undefinedI won't profess to knowing the definitive formula that will ensure success. But there are some key elements to address before you make the move. You must know what you're going to do, for a start! It may seem obvious, but many small businesses fail because the new business owner chose the wrong idea or marketplace. There are infinite options available to the budding entrepreneur (just Google "Small Business Ideas" and you'll return over 76 million search results!). You may want to become an Affiliate Marketer and build an online business, open a coffee shop, be a web designer, a dog-walker. Whatever it is, you should already have your niche clear in your mind way before you quit your job!

One no-compromise factor of your business idea is that you MUST be passionate about it - there's no boss, no deadlines, no "Time & Attendance" system to force you to get out of bed! It's down to you and how much you love it.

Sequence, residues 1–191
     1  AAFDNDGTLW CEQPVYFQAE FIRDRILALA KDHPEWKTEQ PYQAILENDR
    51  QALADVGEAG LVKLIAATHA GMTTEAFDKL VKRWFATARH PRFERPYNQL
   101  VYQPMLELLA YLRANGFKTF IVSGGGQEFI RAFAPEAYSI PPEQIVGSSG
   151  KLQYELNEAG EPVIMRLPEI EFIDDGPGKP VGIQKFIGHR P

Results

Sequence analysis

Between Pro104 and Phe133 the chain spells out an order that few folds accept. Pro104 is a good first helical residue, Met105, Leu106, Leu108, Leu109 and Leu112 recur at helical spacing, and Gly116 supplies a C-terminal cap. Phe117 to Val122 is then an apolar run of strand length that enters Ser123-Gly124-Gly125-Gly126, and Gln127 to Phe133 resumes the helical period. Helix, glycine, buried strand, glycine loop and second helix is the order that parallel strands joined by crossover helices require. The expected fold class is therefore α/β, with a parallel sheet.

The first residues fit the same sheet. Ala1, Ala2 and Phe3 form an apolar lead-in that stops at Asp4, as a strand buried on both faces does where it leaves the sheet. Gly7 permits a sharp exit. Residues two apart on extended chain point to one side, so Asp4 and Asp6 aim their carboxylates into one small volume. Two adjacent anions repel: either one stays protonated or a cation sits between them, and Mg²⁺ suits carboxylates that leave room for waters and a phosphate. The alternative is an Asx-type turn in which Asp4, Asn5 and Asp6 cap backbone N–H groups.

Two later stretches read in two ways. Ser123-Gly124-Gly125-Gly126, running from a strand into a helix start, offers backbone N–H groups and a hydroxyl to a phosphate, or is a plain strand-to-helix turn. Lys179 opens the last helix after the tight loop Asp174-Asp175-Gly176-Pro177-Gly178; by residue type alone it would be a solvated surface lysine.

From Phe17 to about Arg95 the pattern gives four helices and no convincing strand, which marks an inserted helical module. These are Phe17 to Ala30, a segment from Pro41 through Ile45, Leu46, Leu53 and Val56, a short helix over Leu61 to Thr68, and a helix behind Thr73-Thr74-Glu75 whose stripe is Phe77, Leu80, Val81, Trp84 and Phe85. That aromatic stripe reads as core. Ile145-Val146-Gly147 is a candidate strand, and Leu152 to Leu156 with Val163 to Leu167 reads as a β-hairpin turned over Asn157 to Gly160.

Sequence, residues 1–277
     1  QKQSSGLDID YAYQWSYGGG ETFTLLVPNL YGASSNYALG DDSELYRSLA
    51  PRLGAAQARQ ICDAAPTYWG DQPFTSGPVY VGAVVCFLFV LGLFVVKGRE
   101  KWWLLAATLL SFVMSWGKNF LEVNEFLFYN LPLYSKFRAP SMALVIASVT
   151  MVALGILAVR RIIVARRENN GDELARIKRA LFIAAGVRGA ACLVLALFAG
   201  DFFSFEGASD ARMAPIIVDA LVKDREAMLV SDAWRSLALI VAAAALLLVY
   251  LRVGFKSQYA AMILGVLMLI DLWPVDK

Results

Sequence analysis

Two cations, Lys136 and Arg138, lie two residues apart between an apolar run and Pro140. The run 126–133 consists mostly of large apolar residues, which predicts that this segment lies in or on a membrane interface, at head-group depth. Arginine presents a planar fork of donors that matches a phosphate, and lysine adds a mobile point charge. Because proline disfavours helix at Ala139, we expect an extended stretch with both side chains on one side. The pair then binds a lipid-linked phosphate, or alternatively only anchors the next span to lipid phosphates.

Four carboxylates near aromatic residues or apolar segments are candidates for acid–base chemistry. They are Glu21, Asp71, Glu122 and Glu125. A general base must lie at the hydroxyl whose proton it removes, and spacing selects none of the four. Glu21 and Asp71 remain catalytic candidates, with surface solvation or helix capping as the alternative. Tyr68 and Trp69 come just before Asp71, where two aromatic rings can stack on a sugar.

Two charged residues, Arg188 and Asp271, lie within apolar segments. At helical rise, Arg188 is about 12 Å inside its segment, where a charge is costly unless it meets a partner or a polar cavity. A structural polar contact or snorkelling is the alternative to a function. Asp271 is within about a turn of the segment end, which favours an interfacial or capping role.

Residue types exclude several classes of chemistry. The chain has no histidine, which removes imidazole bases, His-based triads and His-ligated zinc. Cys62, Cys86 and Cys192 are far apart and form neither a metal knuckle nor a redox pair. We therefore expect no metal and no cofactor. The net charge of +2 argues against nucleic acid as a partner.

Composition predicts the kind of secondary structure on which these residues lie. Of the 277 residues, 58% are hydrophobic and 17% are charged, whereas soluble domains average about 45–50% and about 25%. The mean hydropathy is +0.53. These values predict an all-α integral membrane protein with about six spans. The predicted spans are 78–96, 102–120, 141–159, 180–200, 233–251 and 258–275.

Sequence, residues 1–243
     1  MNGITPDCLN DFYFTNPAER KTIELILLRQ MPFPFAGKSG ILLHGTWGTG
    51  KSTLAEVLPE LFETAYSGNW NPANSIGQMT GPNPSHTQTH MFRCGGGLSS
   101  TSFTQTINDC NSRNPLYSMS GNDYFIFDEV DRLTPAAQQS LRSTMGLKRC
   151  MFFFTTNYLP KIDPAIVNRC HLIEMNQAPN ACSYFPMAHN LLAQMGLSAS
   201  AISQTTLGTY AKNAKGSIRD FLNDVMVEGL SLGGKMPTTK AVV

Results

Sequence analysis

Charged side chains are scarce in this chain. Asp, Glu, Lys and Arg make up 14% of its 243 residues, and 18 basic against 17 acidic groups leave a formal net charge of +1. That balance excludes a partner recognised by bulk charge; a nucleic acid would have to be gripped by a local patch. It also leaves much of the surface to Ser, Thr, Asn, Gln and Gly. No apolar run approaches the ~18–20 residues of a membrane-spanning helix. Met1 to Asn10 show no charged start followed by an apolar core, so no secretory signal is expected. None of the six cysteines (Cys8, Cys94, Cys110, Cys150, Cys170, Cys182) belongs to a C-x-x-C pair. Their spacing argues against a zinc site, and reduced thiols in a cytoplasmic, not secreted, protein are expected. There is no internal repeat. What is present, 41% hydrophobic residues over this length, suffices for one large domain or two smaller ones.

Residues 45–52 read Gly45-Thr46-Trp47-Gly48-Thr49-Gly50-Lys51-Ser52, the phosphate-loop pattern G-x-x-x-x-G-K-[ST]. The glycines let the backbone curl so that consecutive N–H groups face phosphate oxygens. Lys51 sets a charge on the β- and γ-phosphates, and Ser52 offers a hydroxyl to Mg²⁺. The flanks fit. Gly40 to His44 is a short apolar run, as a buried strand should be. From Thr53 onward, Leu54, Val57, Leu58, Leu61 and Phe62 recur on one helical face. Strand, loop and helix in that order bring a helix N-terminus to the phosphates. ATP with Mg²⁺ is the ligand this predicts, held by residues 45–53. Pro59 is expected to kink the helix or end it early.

Don't rush into it - make sure that it's financially doable. If your household finances can't afford to take a hit when the monthly salary disappears, for at least the next 12 months (and you don't have a string of willing investors lined up), then be prepared to start your business part-time to begin with around your current commitments. If you're looking to stay within your current niche (and you have an understanding boss!), start by reducing your hours at work and try freelancing - it's a good stepping stone to setting up on your own. You'll learn how to manage your own finances, working hours, marketing, etc, whilst maintaining the stability that comes from your part-time salary.